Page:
ABA today joined a broad coalition of groups from various industries in a letter to the Small Business Administration and Treasury Department raising concerns about the loan necessity questionnaires that SBA is using to evaluate borrowers’ good-faith certification of their economic need for Paycheck Protection Program loans.
SBA rolled out the questionnaires—which included separate versions for nonprofit and for-profit entities—last month to borrowers with loans totaling $2 million or more. However, the groups noted that the forms ask for information—such as quarterly revenue and employee earnings—that is unrelated to what borrowers were asked to consider when they applied for their PPP loan.
Accordingly, the questionnaires “introduce a confusing and burdensome process for both borrowers and lenders, and we fear that it could lead the agencies to inappropriately question thousands of qualified PPP loans made to struggling small businesses,” the groups said. They requested that SBA and Treasury temporarily suspend use of the questionnaires, which are currently out for public comment until Nov. 25, “while we collectively address these issues and work together toward a better solution.”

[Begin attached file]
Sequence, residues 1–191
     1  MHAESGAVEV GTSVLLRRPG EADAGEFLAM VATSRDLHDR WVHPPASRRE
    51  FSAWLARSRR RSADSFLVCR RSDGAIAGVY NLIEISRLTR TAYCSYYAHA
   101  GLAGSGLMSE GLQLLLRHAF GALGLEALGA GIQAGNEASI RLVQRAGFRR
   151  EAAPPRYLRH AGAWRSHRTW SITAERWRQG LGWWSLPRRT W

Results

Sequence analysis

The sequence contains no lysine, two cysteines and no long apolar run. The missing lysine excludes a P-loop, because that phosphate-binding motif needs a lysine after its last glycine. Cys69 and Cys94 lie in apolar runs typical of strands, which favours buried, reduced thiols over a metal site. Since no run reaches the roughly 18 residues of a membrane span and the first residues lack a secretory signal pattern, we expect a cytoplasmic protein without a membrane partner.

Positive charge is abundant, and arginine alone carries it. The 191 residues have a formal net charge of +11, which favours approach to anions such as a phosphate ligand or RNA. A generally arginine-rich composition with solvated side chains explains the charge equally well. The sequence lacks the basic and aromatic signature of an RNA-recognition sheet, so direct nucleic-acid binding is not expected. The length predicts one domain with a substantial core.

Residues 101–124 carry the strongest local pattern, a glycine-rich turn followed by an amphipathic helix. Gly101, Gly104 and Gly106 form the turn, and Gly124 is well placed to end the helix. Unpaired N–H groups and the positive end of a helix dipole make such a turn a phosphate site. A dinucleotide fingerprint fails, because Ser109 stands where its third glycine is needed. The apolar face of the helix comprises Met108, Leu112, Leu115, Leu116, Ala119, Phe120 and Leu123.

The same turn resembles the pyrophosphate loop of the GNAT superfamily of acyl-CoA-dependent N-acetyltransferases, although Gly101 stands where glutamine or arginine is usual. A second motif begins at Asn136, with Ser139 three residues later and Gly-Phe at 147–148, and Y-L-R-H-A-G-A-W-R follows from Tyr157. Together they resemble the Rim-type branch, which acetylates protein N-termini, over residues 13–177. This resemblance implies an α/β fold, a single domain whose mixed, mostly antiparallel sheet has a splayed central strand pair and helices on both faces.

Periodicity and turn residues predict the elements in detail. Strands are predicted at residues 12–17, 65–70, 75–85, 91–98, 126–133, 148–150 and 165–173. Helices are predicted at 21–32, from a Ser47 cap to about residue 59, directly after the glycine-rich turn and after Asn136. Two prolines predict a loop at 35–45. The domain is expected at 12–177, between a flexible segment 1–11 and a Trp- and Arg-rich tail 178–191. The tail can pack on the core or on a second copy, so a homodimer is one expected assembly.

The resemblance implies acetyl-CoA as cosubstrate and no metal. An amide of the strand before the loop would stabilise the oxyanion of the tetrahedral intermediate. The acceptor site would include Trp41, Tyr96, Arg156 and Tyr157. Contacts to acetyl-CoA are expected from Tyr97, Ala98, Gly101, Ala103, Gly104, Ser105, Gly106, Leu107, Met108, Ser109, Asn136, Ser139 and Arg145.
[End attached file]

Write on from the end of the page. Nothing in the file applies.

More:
The groups further detailed their concerns in a letter to congressional leaders. “We strongly encourage you to ensure that all agency review processes are necessary and appropriate to avoid undue burden on borrowers and lenders, possible bias and subjectivity, or concerning departures from requirements borrowers and lenders understood from the statute and original implementing guidance,” the groups told lawmakers. “We do not believe that the information collection sought by the new loan necessity questionnaires achieves this appropriate balance.”